Antiochus Hierax  [ca. 263 - 226 BCE]

The younger son of Antiochus II & his sister Laodice whose ambitions brought the Seleucid dynasty close to extinction.  His brother, Seleucus II, made him governor of Asia Minor during his war with Egypt (246-241 BCE).  But instead of helping him, Hierax was encouraged by his mother to use his brother's misfortunes to seize the Seleucid throne for himself. With the aid of the Celts of Galatia he defeated his brother at Ancyra (236 BCE) but was himself driven into exile by Attalus I of Pergamum (229 BCE).  Failing in subsequent attempts to unseat his brother in Syria, he was exiled to Thrace where he was held in custody for two years, escaping only to be killed by his former allies, the Galatians.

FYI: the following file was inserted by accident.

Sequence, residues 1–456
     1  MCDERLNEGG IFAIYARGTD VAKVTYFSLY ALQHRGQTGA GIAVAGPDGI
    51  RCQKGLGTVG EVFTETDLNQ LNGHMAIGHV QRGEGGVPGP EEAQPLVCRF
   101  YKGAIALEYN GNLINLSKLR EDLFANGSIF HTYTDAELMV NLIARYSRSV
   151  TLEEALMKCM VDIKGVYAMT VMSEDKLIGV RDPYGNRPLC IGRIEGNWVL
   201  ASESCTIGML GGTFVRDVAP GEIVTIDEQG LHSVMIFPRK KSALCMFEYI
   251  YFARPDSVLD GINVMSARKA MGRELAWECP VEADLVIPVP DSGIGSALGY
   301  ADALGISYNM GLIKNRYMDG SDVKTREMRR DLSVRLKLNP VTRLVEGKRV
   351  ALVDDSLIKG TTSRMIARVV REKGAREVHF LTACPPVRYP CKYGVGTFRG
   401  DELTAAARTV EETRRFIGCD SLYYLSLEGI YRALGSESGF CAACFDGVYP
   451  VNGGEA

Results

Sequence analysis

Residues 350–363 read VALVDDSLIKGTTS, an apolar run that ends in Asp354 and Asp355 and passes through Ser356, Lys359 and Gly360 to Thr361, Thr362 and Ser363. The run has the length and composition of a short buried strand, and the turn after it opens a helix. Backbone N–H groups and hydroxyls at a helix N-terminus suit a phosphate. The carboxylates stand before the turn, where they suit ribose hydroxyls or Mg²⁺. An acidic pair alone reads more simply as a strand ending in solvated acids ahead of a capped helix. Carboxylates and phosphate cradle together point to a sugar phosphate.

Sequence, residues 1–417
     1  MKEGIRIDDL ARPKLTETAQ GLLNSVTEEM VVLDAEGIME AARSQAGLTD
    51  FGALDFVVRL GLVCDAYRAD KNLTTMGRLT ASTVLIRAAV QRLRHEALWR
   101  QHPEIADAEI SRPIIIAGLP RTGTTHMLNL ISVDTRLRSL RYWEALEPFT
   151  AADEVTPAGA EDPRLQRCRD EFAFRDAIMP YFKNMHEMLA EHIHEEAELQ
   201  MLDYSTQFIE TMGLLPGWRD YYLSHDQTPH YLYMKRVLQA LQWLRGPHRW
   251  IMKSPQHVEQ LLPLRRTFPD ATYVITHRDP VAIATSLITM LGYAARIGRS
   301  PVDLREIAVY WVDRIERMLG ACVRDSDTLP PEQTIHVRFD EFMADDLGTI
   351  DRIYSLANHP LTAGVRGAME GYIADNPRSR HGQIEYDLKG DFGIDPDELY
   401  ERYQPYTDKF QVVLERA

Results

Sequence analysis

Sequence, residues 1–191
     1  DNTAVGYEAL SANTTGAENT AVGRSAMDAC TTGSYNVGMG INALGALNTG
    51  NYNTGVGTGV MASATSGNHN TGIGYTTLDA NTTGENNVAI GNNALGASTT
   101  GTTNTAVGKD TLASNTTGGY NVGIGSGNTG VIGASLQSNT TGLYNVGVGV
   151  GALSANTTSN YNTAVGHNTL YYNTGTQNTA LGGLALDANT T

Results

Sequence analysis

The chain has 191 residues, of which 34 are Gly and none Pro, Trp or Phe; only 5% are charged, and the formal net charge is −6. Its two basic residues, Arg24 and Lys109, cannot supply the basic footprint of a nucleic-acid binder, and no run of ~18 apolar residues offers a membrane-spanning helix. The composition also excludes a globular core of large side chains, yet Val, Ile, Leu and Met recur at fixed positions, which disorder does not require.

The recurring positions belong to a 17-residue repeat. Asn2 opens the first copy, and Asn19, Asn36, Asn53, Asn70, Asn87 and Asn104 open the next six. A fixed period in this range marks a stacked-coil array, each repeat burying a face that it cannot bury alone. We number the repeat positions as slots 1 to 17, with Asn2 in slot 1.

References: Justin, Epitome 27.2-3

Other resources on line:

This silver tetradrachma minted by Hierax mimics his father's coinage.  The face bears the king's image wearing the royal diadem.  The other side portrays Apollo with bow & arrow seated on a phallic stone.  The Greek inscription reads from right to left, Basileos Antiochou ("of King Antiochos").

Perspective on the World of Jesus

Copyright 1999-2022 by Mahlon H. Smith
All rights reserved.

an American Theological Library Association Selected Religion Website
OCLC catalog no.: 62046512